1. Use soft lighting

Indoors, choose a room that’s got a good sized window and aim to have the light falling onto, and ideally across, the subjects face rather than from above or behind. If outdoors, avoid midday when the sun is high in the sky and the sunlight is harsh and casts shadows. Late afternoon and early evening light is much softer.


2. Keep clothes simple, or strip off!

Not all Dads feel comfortable taking their shirt off for a photo which is fine, although it’s lovely to get the skin on skin look, particularly with a newborn baby. If clothes are worn, have Dad in a simple, plain white t-shirt and baby in a white baby grow or playsuit. Clothes should be free of logos and collars ideally and the dad should remove his watch, wristbands and any jewellery, unless it is sentimental, to avoid dating the photograph.


3. Strike a pose

While the baby must be held securely and safely at all times, he should not be gripping the baby too tightly. If you have a newborn or small baby, be sure to make the room comfortably warm.

Top poses:

  1. Baby held in the father’s hands
  2. Baby resting on the dad’s shoulder with the dad standing side on
  3. Baby held in the crook of the dad’s arm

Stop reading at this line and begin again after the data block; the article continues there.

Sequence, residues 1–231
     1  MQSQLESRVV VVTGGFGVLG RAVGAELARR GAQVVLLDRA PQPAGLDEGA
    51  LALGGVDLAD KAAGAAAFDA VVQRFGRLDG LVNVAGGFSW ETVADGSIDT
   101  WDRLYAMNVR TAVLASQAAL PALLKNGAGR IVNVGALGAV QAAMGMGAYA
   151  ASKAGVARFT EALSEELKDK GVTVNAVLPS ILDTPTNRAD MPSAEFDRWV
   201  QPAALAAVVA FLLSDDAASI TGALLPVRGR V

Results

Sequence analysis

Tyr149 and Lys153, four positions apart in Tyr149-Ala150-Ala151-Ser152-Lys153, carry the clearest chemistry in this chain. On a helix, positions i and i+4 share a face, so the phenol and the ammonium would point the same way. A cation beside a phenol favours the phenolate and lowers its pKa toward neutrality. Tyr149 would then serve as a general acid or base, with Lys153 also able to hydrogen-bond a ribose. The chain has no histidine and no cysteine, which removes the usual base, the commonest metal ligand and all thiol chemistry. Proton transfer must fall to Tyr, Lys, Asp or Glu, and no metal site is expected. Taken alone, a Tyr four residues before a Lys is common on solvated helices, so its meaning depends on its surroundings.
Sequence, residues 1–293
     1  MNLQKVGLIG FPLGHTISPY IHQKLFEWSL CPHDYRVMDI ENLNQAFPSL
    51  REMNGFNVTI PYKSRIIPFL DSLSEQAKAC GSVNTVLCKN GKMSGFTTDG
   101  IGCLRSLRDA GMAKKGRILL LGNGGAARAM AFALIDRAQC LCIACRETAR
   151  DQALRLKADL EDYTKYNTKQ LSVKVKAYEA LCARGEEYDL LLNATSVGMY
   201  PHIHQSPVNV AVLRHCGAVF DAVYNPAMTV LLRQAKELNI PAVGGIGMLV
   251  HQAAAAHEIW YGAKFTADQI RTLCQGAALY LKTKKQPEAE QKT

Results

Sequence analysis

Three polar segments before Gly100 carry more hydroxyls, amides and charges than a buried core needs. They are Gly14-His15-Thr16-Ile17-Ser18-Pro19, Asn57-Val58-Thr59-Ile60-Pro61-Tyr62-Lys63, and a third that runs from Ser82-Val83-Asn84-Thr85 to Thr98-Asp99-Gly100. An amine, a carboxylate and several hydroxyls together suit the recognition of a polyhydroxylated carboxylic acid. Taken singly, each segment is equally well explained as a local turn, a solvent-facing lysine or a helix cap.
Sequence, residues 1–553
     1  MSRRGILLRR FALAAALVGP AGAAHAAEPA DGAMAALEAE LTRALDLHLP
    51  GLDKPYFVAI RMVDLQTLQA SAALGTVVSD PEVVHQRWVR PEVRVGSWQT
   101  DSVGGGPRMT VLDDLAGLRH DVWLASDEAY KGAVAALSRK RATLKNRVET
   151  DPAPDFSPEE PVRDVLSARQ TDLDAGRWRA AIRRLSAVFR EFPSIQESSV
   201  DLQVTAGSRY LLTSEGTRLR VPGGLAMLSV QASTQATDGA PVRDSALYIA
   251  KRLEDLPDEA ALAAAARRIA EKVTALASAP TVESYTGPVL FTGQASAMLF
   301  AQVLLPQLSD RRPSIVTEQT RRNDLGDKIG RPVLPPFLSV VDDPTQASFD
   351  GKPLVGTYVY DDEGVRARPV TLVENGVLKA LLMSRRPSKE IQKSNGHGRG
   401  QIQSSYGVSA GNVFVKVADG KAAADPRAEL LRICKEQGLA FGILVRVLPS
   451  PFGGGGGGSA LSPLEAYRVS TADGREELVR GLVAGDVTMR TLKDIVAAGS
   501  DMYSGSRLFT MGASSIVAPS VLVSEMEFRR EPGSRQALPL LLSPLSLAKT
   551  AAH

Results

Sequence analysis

4. Baby lying in the dad’s cupped hands with his legs against the Dad’s chest

Please do NOT be tempted to try and recreate complex newborn baby poses at home that you may have seen done by professional photographers. Professionals are trained and highly skilled in handling babies safely and they use lots of cushions, padding and usually another adult to provide support for the baby which is later removed from the photograph using digital editing techniques. Please do not put your baby in danger for the sake of a photograph.

More like this

4. Have fun

Family photos should be fun for all involved. Aim to capture natural smiles and the interaction between father and child. If your child is older than newborn, Dad should play with him or her to encourage them to feel comfortable and to smile naturally. Dads could crouch or lie down so his and the child’s head and shoulders are at the same height, or he could lift the child into the air. The person taking the photo could also experiment taking the picture from different heights.


5. Stylistic considerations

Black and white images give great contrast and texture. A black and white treatment is also a great way of masking the different skin tones of the father and child, particularly with newborns as their skin can be red.

Karen specialises in newborn, baby and family photography and operates from her studio in Poole, Dorset. For more info visit: www.kw-photography.co.uk